"The home-delivered meals are more than nutrition," said Dan English, director of the AAoA. "They provide a social aspect and medical cost prevention."

When seniors who live on meager incomes are being visited regularly and eating well, the odds that they will end up in the hospital decrease by at least 30 percent, the "More than A Meal" research finds.

"Meals on Wheels' clients report fewer falls, which cost our nation $31 billion each year," states information on the Meals on Wheels America website, www.mealsonwheelsamerica.org.

Kootenai Health has had a positive relationship with the local programs for many years because health care providers realize the value of the system. Meals on Wheels is one resource the hospital recommends to eligible outgoing patients to ensure they receive proper nutrition, whether healing short-term or in need of longer enrollment.

"The benefit of having a senior being able to stay in their home and receive meals is huge," said Chris Magera, manager of Kootenai Health's social work department. "It potentially supports their family members. If they're younger and have a family member that is in the age bracket that’s eligible, one benefit is that they're not going from work every night to help Grandma prepare meals."

English said nutrition is the single largest budget area for the AAoA, and the local branch covers the five northern counties.

"It’s over a half-million dollars in one year that we spend on nutrition programs, and the two main programs are congregate meals, which are usually at senior centers, and the home-delivered meals," he said. "They both are running about a quarter-million dollars a year. That’s larger than any other program area that we have."

And yet, the need is growing.

According to the National Association of Area Agencies on Aging, the 60-and-older population in America is growing at the fastest pace in history. Nearly 15 million people will turn 65 in the next four years. By 2030, one in five people in America will be in that category. That’s more than 70 million people, twice what that number was in 2000.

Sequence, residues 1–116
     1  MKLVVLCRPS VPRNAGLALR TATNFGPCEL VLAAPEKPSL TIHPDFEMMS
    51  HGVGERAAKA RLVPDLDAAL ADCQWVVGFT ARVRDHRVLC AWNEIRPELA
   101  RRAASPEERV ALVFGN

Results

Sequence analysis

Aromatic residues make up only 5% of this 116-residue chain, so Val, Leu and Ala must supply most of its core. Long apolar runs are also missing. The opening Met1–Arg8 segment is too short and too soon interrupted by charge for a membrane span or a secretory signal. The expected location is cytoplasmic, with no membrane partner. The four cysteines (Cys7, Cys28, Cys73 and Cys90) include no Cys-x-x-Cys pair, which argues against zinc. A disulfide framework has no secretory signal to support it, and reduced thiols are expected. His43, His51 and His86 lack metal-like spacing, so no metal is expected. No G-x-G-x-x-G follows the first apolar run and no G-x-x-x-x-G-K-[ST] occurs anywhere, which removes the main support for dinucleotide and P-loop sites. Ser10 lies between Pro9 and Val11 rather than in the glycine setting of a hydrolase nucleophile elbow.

Plus, more seniors are moving into the area, which is causing Kootenai County's senior population to grow faster than other parts of the state. Curry reported that in January 2015, Lake City Center provided 1,557 meals to homebound seniors and those who could attend the congregate meals on site. That number soared to 2,882 the following January.

The senior population is growing faster than the program can keep up, in many cases. Eight out of 10 programs across the country rely on federal funds, which also support the programs in North Idaho. Program coordinators are concerned about budget cuts when they need funds to be coming in, not going out. The $4 requested donation covers only about half of the food cost for each meal.

"I’m worried now," McArthur said. "I thought I was going to have five more years before the worry comes on, but I’m seeing it become more because we’re having more and more seniors move here and know about these programs or have heard about it so now our numbers are going up."

By keeping seniors in their homes and contributing to their independence, the program is keeping down costs for the rest of society as well as giving families peace of mind. And nine out of 10 seniors would much rather be in their own home than in the hospital or a nursing home.

"Seniors are what made this country great," Curry said. "This country raised people to be independent. The longer we can keep them in that sense of independence, the better for them and the better for the overall community."